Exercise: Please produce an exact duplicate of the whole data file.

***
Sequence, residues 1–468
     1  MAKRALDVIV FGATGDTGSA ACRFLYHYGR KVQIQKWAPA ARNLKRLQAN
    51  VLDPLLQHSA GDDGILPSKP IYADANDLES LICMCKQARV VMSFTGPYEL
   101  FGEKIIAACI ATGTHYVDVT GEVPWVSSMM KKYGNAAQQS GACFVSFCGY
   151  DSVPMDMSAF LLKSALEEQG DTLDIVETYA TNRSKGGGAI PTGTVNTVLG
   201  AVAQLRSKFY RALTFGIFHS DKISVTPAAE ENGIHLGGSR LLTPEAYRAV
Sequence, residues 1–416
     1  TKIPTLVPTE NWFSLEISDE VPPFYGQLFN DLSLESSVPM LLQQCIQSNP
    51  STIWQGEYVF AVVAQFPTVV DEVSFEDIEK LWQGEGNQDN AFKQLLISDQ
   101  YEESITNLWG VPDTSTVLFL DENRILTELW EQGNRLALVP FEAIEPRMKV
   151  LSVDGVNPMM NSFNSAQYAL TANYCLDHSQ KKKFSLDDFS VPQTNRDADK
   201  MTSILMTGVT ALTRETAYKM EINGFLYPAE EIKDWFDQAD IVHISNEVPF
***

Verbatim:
Sequence, residues 1–468
     1  MAKRALDVIV FGATGDTGSA ACRFLYHYGR KVQIQKWAPA ARNLKRLQAN
    51  VLDPLLQHSA GDDGILPSKP IYADANDLES LICMCKQARV VMSFTGPYEL
   101  FGEKIIAACI ATGTHYVDVT GEVPWVSSMM KKYGNAAQQS GACFVSFCGY
   151  DSVPMDMSAF LLKSALEEQG DTLDIVETYA TNRSKGGGAI PTGTVNTVLG
   201  AVAQLRSKFY RALTFGIFHS DKISVTPAAE ENGIHLGGSR LLTPEAYRAV
Sequence, residues 1–416
     1  TKIPTLVPTE NWFSLEISDE VPPFYGQLFN DLSLESSVPM LLQQCIQSNP
    51  STIWQGEYVF AVVAQFPTVV DEVSFEDIEK LWQGEGNQDN AFKQLLISDQ
   101  YEESITNLWG VPDTSTVLFL DENRILTELW EQGNRLALVP FEAIEPRMKV
   151  LSVDGVNPMM NSFNSAQYAL TANYCLDHSQ KKKFSLDDFS VPQTNRDADK
   201  MTSILMTGVT ALTRETAYKM EINGFLYPAE EIKDWFDQAD IVHISNEVPF